Since November 2009, China is the world’s top car market, surpassing the US. So it’s only natural for automakers to pay their utmost attention. Among others, BMW previewed the new M5, Peugeot the 508, Nissan the new Tiida and Audi the Q3 at the Shangai Motor Show . The most recent example is Ford, which is planning to more than double its model line-up in the Chinese market according to a senior company executive.
“If you think of the marker as small cars, medium cars, large cars, SUVs, performance vehicles, all those different pieces, we compete in about 22% of that market today,” Will Periam, strategy director for Ford’s Asia Pacific and Africa, told Reuters during a recent industry forum in the Chinese city of Tianjin.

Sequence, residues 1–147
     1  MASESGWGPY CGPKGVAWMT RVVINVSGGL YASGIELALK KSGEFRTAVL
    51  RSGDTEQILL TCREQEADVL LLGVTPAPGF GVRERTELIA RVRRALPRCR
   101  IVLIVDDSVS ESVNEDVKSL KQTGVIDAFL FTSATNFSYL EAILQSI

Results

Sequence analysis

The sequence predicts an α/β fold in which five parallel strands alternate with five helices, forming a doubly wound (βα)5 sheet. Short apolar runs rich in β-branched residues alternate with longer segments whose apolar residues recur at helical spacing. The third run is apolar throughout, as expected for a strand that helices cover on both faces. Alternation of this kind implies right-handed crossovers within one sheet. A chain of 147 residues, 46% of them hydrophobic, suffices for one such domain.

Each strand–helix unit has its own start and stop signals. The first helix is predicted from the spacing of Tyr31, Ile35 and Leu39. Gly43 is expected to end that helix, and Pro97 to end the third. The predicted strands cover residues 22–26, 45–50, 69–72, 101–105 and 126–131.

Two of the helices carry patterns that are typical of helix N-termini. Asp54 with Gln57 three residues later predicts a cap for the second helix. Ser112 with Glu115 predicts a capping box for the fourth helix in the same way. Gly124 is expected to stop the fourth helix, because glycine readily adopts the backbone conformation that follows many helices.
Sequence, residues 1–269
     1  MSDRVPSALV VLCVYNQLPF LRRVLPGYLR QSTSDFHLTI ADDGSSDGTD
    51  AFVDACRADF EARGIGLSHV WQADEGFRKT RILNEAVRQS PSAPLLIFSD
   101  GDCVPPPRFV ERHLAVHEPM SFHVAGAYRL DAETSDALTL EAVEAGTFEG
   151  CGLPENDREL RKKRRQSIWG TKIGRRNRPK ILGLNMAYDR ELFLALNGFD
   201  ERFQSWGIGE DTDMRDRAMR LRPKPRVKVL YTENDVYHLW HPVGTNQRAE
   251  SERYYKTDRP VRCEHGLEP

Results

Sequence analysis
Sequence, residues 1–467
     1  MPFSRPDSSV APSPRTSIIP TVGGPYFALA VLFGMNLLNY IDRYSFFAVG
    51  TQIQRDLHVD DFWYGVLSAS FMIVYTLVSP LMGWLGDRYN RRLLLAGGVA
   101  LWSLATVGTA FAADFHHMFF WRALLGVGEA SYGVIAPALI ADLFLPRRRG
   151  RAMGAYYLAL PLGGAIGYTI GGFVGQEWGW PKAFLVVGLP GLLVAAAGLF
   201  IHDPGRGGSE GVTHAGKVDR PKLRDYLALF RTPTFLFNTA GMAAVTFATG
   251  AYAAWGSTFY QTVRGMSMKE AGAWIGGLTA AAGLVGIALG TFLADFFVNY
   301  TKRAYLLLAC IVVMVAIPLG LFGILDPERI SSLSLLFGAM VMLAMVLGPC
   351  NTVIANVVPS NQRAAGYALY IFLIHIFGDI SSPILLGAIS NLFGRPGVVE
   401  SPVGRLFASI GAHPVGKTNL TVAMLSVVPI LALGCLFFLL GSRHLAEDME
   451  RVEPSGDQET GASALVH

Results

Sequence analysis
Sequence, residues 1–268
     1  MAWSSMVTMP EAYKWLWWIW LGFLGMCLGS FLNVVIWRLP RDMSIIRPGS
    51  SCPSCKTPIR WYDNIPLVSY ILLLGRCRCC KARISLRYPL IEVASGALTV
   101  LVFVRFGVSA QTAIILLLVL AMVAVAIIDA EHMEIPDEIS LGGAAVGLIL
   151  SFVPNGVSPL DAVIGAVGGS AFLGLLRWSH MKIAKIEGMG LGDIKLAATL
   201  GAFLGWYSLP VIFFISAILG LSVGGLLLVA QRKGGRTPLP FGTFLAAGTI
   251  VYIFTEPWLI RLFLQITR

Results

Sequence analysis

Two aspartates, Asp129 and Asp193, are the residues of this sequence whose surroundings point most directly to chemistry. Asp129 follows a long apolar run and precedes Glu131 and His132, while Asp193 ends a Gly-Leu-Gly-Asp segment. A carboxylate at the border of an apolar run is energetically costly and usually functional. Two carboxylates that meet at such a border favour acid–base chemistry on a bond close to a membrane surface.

“In the future, we expect to compete in about 50%. And that will be by new versions of the products we have and all-new products which aren’t here today,” he added.
Periam also revealed that most of the models that Ford plans to introduce to China, such as the new Focus sedan and the Kuga, will be built at its local plant.
Ford is currently manufacturing the Focus, Mondeo, C-MAX and Fiesta in cooperation with Chongqing Changan Automobile Co. and Mazda Motoe, and its Transit van with Jianling Motors, in which Ford has a 30% stake.
However, Ford missed last year’s boom when a record 18 million vehicles were sold in China, thanks in no small part to government tax incentives and subsidies. But this year the incentive plan has ended and the booming Chinese market has seen its booming sales rate decrease.
Secretary General of China Association of Automobile Manufactures reduced his estimate for 2011 sales growth considerably, from a 10-15% forecast to just 5%. Even so, Ford has increased this year its January to July sales by 13%, to 306,830 vehicles, compared to the same period in 2010, and Ford’s Periam estimates that China car sales will reach 32 million by 2020.